Cuyapaipe Mountain is the highest point in the Laguna Mountains in eastern San Diego County. Its slopes mainly consist of typical San Diego County chapperal country with manzanita, scrub oak and the like densely clothing its slopes with a few random granite boulders just to break up the monotony.
So why would climb this peak and risk the scourging of a gnarly bushwhack? The reasons are simple. It's a delisted HPS
is the 3rd highest of the 10 named peaks over 6000 feet in San Diego County and because the views west to the Pacific, south to Mexico and east to the desert are spectacular from its lofty summit. It is also an area of the Lagunas that hasn't had a fire in recent years so venturing off the climber's trail is not recommended.
Cuyapaipe lies in the rather remote southeastern portion of the Laguna Mountains. Despite its remote location in the Lagunas and lack of an official trail it still sports small solar powered USGS and NOAA weather antennae, but they are relatively obscure as compared to the behemoth communication towers / antennae sites on its Laguna neighbors to the north, Stephenson Peak and Monument Peak #1.
This peak has now been delisted by the Sierra Club HPS due to private property concerns. If you venture out, please be aware that you will be trespassing on Indian/private property. If I find out more information I will post it here.
The main trail head for the peak is located off Highway S1(Sunrise Highway).
From San Diego
take I-8 East toward El Centro. Take the Sunrise Highway exit and head North for almost 9 miles and look for the informally signed Thing Valley Road and turn right on this dirt road (this is labeled La Posta Road on maps).
From Points North
go east on SR 78 through Escondido to the junction with SR 79 just past the town of Julian. Turn right (south) on SR 79. Go 6 miles to the junction with Sunrise Highway (S1) on the left. Turn left. Travel 15.1 miles and turn left on Thing Valley Road just past the Red-Tailed Roost Volunteer Activity Center.
On Thing Valley / La Posta Road
go 1.7 miles keeping right at an immediate fork and straight at subsequent forks until you reach a road on the left which is the start of the trail. Park in a turnout on the right across from this fork. You should be able to see signs on this road from the parking area stating "Israelsen Ranch" and "Locked Gate Ahead."
Note you will also cross the PCT at approximately 1.5 miles.
Standard Route Description
From the parking area cross to the dirt road which goes up the hill to a locked gate. Continue on the road past this gate about 200 yards to the remnants of an older gate. The fence at this point may be posted "No trespassing" and the day I hiked the sign was missing.
Just before the old gate leave the road on the left side.
Pushing through gnarly brush, cross the fence at a fence junction and then follow a use trail which emerges and loosely parallels the road with a barbed wire fence in between the trail and the road. Even though it bypasses the gnarly brush push, it is not recommended you go past the "No trespassing" sign and travel the short distance (less than 100 yards) to a fence crossing on the left. This is private property.
The trail goes east for about 1/2 mile through trees, some brush and grassy areas until it drops into a prominent streambed that trends south along the western flank of Cuyapaipe. Keep a careful eye for the ducked route that takes you straight up the west slope of Cuyapaipe. Once you get out of the streambed the trail is very easy to follow as it winds through the brushy slope and easy rock up to the summit.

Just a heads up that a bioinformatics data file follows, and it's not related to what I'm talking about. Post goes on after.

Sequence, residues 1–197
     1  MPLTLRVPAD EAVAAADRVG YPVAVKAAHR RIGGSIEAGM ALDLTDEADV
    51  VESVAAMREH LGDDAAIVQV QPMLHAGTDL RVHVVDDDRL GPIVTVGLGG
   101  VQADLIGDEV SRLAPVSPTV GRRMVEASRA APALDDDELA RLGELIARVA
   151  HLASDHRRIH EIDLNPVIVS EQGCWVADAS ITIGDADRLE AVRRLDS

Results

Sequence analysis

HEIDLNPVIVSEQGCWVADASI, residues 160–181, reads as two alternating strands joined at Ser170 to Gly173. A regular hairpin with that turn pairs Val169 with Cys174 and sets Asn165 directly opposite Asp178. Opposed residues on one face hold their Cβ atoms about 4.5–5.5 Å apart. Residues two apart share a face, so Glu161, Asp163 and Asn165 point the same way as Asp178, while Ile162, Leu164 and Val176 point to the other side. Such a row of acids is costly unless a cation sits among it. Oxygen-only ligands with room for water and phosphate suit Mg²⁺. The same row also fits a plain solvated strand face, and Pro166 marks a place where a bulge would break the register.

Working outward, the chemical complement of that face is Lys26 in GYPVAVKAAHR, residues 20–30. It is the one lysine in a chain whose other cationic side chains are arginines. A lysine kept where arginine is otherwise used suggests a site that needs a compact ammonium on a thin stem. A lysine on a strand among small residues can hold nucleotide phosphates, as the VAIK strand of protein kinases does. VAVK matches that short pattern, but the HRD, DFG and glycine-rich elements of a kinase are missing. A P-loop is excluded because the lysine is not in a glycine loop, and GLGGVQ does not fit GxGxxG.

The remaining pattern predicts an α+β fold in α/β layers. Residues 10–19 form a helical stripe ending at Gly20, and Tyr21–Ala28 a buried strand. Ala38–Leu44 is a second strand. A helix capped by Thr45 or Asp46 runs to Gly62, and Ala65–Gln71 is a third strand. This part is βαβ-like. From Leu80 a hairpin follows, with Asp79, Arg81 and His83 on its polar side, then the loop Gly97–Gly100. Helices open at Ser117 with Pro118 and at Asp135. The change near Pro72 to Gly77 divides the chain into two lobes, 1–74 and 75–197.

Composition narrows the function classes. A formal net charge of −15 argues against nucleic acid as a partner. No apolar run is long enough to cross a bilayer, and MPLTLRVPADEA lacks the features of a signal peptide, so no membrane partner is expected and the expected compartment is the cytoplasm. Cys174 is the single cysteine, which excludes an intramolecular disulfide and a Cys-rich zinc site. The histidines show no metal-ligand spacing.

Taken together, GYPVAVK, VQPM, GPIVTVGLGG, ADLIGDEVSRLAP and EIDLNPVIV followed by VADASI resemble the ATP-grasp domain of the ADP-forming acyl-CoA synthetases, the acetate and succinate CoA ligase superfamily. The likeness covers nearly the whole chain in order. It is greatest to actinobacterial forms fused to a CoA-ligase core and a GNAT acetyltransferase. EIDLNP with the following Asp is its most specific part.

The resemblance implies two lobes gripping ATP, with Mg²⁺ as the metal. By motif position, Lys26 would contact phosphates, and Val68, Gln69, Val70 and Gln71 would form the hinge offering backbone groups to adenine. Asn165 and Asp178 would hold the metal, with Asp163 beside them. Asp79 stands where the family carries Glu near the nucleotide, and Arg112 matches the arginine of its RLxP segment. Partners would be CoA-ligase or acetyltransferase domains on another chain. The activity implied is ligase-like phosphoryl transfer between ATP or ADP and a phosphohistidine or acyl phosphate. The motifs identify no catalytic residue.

When you reach the top of the ridge, the summit register will be on a mound of rocks about 200' to the right (south).
On the day I hiked, the No Trespassing sign was gone and I unknowingly followed the road until I saw a small meadow on the other side of the fence. I hopped the barbed wire fence and picked my way east (approximately parallel to the road) until I hit the streambed and easily found the ducked trail heading up to the summit. On my return I found the ducked and taped standard trail through the meadow until I reached the place I crossed the fence thus bypassing the "gnarly brush push." Ignorance is bliss!
I suppose an approach could be made from the desert floor nearly 4000 feet below, but you had better pack a chain saw to blaze a path through the thick brush.
For large sections of the Cleveland National Forest an USFS Adventure Pass
is required to park and recreate. These passes run $5 per a day or $30 per a year. Details on this pass are located at the link above.
Once you pass through the second gate along the access road you are on private property which is usually
posted with No Trespassing
Lastly, from the time you hop the fence to the left of the road, you will be transitting land owned by the Cuyapaipe Band of Mission Indians. No lone hikers are allowed, and group leaders must call or write first for permission:
Mr. Michael Garcia
Cuyapaipe Band of Mission Indians
4054 Willows Road
P.O. Box 2250
Alpine, CA 91903-2250
Tel: 619-445-6315 or 619-659-1467
Camping is restricted to developed campgrounds
in the Laguna Mountain Recreation Area. There are several developed campgrounds in the Laguna Mts including; Burnt Rancheria, Horse Heaven, Laguna, El Prado, and Yerba Santa.
When to Climb
Cuyapaipe can be climbed any time of year. Summer conditions are usually warm and sunny and winter storms frequently dust the Lagunas with the white stuff. Just ensure you pack the appropriate clothing, water and 10 essentials.
Current Mount Laguna Weather Conditions
Named after the Diegueño Indian word "awi-paip" which is presumed to mean "rock-lie-on".
Peak was added to the HPS Peak List in 1956 and officially delisted in 2008 due to private property concerns.
-HPS Summit Signatures